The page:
Logistical Models For Planning And Operating Medical Countermeasure Distribution Networks During Public Health Emergencies
Public health emergencies require rapid responses from federal, state, and local authorities to prevent widespread mortality and morbidity. However, existing response plans seldom account for the variety of risks and uncertainties inherent in emergency scenarios. Our goal is to construct models that will help policy makers respond effectively to two different potential emergencies: an inhalational anthrax bioterrorist attack and an influenza pandemic. We present a three-echelon capacitated distribution network model of the United States' antibiotic mass-dispensing system for responding to a large-scale anthrax attack. We construct two inventory allocation policies and present a numerical study that compares their performance to that of planned allocation methods. We also present detailed simulation models of an antibiotic-dispensing clinic and the multi-echelon supply chain that operate to support such clinics. Along with the results of our earlier numerical study, these simulations can be used to demonstrate the importance of flexible clinic staffing plans, show the value of centralized command and control during emergency response operations, and provide other public health policy insights. Finally, we investigate the value of using the commercial pharmaceutical supply chain to dispense antiviral medication during an influenza pandemic. We construct historically-based regional antiviral demand scenarios, simulate the performance of the supply chain, and describe inventory allocation and staffing models that could be used to improve system operations.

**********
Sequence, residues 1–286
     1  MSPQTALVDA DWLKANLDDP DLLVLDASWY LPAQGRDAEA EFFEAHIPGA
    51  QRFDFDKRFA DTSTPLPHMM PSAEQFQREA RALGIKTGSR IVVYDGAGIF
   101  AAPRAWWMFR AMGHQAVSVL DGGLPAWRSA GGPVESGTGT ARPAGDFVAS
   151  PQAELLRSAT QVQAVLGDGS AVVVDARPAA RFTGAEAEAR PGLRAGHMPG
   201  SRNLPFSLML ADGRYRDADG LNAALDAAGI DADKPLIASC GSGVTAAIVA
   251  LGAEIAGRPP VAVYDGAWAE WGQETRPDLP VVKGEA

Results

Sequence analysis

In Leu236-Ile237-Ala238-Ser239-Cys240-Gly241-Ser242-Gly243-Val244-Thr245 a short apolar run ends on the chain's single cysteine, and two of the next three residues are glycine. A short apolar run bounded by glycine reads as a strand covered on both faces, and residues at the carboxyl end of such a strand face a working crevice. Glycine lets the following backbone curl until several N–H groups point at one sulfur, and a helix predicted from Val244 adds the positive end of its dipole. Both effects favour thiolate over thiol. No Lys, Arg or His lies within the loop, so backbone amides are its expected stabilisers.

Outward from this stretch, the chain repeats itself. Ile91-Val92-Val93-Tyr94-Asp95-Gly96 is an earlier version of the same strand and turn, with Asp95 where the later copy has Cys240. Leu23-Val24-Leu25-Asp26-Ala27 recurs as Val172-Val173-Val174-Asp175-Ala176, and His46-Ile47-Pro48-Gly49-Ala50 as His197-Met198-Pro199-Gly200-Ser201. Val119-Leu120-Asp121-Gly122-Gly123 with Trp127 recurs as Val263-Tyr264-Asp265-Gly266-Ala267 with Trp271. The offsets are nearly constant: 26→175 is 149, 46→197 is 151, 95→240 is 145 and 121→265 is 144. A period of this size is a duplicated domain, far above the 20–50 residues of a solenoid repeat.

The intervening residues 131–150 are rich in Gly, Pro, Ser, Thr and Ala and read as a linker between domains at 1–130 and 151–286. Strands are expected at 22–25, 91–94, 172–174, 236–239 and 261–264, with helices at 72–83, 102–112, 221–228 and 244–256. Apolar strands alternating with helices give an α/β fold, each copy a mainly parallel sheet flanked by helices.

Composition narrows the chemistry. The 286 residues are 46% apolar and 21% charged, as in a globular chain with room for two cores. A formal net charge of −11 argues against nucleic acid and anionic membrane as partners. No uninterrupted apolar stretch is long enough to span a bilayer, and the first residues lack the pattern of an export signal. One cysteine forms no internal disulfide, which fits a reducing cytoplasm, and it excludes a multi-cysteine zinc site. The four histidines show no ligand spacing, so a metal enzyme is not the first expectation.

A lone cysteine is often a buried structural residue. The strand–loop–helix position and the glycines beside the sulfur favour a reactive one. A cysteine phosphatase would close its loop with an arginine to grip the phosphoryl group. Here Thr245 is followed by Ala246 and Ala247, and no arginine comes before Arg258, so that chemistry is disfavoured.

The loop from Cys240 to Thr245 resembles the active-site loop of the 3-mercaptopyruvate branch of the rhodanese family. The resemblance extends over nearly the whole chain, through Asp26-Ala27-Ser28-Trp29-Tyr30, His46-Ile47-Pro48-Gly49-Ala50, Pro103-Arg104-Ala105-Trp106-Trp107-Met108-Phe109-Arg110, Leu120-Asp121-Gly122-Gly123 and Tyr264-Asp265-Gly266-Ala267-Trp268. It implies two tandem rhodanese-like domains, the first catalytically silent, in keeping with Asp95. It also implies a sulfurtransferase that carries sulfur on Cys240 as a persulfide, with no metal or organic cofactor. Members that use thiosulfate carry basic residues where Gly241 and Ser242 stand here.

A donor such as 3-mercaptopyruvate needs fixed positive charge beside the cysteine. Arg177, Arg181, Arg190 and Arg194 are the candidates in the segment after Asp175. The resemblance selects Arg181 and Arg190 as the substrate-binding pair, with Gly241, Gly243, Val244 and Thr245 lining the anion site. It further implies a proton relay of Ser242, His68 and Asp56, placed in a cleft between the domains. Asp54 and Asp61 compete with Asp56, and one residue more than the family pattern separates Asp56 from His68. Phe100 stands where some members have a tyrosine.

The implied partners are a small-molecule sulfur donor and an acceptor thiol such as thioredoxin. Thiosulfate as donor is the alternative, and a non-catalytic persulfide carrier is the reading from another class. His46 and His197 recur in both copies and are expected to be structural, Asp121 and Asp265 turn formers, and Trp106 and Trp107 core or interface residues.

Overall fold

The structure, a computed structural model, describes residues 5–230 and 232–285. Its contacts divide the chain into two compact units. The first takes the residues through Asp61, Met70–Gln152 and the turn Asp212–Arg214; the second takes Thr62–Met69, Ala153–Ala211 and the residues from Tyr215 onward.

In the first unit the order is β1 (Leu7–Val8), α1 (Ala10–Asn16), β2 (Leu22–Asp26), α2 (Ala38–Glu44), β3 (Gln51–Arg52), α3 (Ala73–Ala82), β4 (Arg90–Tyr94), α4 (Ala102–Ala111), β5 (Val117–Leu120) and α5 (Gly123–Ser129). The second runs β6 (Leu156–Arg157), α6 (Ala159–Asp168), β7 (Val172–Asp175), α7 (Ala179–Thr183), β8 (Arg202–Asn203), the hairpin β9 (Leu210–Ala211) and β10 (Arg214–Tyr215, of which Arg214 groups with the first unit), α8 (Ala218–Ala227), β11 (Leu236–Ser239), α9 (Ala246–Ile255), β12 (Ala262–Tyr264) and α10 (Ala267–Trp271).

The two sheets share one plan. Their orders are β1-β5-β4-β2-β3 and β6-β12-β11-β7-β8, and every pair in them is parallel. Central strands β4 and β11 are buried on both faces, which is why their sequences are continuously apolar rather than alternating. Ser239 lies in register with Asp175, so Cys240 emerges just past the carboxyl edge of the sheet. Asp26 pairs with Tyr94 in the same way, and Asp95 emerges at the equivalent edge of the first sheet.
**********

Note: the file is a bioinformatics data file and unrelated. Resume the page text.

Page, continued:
emergency preparedness; supply chain; anthrax
Muckstadt, John Anthony
Williamson, David P; Henderson, Shane G.; Topaloglu, Huseyin
Ph.D. of Operations Research
Doctor of Philosophy
dissertation or thesis